I had a lit jar
and I told the Winter, lying through my teeth,
that the incandescence was your heart--
or, at least, the spirit, or true intent, of your heart--
and that you had taken on a glass body
so that your biographer
could fingerprint your lovers
and make them, one day, over pastries in the afternoon,
admit their love
or their indifference.
What a fool the Winter was,
with a cardboard suitcase
and a phrase book that had been meddled with.
Smooth and obsequious as a maitre'd,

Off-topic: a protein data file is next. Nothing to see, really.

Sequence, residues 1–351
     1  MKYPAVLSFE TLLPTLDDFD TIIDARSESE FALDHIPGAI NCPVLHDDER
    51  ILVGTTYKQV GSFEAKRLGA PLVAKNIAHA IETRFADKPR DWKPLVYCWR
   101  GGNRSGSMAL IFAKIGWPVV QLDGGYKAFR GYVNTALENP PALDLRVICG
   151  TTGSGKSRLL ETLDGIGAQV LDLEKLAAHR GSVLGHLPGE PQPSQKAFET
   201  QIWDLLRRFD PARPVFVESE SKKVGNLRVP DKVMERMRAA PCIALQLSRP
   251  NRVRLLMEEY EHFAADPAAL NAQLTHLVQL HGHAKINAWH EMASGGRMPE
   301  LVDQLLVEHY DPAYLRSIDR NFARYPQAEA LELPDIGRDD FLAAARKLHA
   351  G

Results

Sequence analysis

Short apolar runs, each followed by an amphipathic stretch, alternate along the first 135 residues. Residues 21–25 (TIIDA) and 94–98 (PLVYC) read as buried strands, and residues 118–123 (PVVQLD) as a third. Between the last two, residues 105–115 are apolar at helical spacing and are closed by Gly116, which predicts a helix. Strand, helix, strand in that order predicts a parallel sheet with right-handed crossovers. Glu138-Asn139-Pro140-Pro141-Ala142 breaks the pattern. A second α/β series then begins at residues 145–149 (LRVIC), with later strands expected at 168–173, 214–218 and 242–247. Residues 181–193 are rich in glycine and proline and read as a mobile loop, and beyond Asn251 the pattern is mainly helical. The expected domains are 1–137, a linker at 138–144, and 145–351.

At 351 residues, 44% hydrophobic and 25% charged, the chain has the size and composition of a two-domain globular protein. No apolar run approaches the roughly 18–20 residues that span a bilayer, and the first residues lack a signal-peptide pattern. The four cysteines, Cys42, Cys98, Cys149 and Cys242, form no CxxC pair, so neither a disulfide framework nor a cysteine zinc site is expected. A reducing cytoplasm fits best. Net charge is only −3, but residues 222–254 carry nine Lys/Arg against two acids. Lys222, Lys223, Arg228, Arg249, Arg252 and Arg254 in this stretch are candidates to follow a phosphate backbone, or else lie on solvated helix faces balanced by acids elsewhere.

I ushered it into my jar
which held light, not from the desire of your heart,
or even the leavings, or the still-warm slag from your heart,
but from fire
and so many moths in their yellow-gold tunics--
Now, here you are,
not the way you were--
not the way I imagined you--
lacking only one tiny strand of a particular brand of devotion;
I cannot deny you--
my arm outstretched like a caution bar at The Holy Railroad Crossing,
I offer you the Winter.
I have it in my palm, cheek by jowl with a long green stem,
which might have ended in a rose.